**2. Strength Reduction Factors**

The strength reduction factor is used to decrease the estimated strength of structural** **members, i.e., to compute the design strength of concrete elements. It is used to account for uncertainties in materials, possible design, and construction errors.

The ACI 318-19 specifies the strength reduction factors for different concrete elements like beams, columns, slabs, and for various forces that influence the members such as moments, shears, and torsion. Table-2 presents various reduction factors based on actions and concrete elements.

**Table-2: Strength Reduction Factors for Various Actions and Concrete Elements Based on ACI 318-19**

Actions or structural member | Strength reduction factor |

Tension controlled beams and slab | 0.90 |

Shears and torsions in beams | 0.75 |

Columns | 0.65 for tie and 0.75 for spirally reinforced concrete column |

Bearing on concrete | 0.65 |

Plain concrete elements | 0.60 |

Brackets and corbels | 0.75 |

Struts, ties, nodal zones, and bearing areas designed in accordance with the strut-and-tie method | 0.75 |

Anchors in concrete elements | 0.45 to 0.75 |

Components of connections of precast members controlled by yielding of steel elements in tension | 0.9 |

Post-tensioned anchorage zones | 0.75 |

### Purpose of Strength Reduction Factors

- To account for inaccuracies in the equations of design.
- To reflect the significance of structural members.
- To account for probable under-strength of structural elements because of change in material strength and dimensions of the concrete member.
- To reflect the available ductility and needed reliability of the structural member under load effects.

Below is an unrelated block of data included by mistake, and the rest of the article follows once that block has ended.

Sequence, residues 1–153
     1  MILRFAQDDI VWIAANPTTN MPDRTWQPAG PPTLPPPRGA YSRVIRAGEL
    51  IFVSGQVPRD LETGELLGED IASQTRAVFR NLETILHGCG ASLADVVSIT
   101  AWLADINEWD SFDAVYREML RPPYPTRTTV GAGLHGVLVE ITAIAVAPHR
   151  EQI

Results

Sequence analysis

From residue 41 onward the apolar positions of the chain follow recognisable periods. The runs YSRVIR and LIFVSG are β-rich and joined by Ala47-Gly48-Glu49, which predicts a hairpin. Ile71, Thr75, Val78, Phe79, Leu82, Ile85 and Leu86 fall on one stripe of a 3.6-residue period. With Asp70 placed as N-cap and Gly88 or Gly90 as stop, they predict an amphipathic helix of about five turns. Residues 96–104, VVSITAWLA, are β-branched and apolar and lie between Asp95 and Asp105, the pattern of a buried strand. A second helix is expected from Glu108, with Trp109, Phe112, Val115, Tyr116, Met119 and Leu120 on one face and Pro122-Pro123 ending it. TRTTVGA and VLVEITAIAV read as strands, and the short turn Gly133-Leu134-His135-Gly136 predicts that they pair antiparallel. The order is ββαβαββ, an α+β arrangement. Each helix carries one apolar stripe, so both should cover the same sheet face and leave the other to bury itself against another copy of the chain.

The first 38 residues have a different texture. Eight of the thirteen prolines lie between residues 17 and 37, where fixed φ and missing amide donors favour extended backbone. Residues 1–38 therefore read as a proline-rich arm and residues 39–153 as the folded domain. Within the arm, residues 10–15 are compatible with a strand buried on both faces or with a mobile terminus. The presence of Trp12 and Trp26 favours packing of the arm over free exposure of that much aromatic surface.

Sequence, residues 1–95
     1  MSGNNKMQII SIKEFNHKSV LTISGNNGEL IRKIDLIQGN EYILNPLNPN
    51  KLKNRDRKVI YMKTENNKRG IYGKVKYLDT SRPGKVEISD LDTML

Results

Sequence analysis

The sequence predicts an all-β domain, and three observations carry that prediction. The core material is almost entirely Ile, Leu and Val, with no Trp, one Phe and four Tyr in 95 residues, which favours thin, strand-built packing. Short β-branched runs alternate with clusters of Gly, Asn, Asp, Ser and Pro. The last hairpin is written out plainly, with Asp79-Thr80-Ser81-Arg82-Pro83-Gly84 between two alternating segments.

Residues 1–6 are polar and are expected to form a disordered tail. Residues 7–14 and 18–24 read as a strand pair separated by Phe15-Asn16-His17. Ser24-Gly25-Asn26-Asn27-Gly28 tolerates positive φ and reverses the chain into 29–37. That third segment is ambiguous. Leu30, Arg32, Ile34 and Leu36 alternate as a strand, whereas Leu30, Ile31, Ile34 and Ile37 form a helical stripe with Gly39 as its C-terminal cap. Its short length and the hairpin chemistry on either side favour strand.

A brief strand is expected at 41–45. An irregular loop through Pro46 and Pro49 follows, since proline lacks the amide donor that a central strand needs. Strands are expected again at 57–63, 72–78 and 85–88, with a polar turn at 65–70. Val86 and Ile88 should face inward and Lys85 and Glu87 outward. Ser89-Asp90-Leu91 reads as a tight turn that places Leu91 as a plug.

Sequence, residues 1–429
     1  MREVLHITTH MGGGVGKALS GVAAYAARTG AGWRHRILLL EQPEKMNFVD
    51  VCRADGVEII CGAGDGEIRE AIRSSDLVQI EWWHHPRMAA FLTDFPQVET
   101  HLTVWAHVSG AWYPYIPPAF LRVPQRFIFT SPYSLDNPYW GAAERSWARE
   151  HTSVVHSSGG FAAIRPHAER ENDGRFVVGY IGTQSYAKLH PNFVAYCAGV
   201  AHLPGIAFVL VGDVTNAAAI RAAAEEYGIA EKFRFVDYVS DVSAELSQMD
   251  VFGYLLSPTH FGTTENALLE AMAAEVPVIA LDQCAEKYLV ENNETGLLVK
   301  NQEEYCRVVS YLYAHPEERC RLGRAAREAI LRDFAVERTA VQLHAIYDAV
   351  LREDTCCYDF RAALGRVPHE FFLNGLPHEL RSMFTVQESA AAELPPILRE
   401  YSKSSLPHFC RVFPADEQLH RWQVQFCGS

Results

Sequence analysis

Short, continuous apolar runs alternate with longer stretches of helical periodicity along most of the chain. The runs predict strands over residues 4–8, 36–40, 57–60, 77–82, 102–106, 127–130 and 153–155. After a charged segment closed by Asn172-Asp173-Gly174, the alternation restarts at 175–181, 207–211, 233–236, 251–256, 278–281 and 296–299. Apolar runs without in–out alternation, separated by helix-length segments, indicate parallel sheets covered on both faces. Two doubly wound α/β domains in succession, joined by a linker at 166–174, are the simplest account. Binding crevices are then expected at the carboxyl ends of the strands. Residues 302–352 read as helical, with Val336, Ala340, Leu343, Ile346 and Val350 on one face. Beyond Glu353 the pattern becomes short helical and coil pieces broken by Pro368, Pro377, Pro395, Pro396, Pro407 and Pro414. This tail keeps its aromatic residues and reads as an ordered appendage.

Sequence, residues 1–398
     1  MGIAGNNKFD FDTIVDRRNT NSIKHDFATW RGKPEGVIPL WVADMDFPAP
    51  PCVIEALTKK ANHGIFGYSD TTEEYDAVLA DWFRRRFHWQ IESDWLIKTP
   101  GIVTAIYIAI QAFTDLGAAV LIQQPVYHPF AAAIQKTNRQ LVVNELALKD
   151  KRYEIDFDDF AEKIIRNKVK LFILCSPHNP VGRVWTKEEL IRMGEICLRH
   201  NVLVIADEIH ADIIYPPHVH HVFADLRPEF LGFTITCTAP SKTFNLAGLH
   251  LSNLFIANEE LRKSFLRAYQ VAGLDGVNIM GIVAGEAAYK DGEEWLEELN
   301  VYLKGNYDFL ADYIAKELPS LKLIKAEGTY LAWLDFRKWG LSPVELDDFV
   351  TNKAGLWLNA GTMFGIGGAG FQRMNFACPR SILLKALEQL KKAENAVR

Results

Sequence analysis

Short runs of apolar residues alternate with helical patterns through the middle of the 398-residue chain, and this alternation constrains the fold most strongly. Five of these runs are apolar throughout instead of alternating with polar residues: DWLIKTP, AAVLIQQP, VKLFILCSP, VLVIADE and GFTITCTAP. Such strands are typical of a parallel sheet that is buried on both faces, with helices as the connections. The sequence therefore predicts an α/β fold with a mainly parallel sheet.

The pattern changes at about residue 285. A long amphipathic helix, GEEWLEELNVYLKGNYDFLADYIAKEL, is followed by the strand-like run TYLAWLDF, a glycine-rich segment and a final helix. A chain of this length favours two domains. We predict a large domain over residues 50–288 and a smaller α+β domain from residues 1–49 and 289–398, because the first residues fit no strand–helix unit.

### Notes

- The strength reduction factor for the compression-controlled member is 0.65. The compression-controlled member is brittle and fails suddenly without showing any sign of failure, such as large deflection. Additionally, the compression-controlled elements are sensitive to variations in concrete properties.
- Tension-controlled member is ductile and shows signs of failures through cracks and significant deflection.
- For tension-controlled section Îµtâ‰Ą0.005, for compression-controlled sectionÂ Îµtâ‰¤0.002. The transitionÂ zone is located between the compression and tension-controlled sections.
- The strength factors for members in the transition zone is computed using equations provided in Figure-1.
- Alternatively, you can use (c/d
_{t}) to determine the type of section. Sections where (c/d_{t}) â‰Ą0.600 are categorized asÂ brittle and sections where (c/d_{t}) â‰¤0.375 section are ductile.

## FAQs

**What is strength reduction factor?**

The strength reduction factor is used to decrease the estimated strength of structural members, i.e., to compute the design strength of concrete elements.

**What is the purpose of strength reduction factors?**

1. To account for inaccuracies in the equations of design.

2. To reflect the significance of structural members.

3. To account for probable under-strength of structural elements because of change in material strength and dimensions of the concrete member.

4. To reflect the available ductility and needed reliability of the structural member under load effects.

**What is load factor in the concrete strength design theory?**

The load factors are used to increase the amount of applied load on a structure to account for possible load increase during the building's life span.

Load factors are commonly more than one and differ based on load type and load combinations. The ACI 318-19 provides load factors and various load combinations for the possible applied loads.

**Why are strength reduction factors smaller for columns than for beams?**

As the failure of columns is brittle, they are more critical than the failure of the beam, which is ductile. Columns are usually compression-controlled, whereas beams are tension-controlled.

**How are strength reduction factor and load factors established?**

Strength reduction factors and load factors are estimated based on probabilistic methods that account for variability in all aspects of engineering.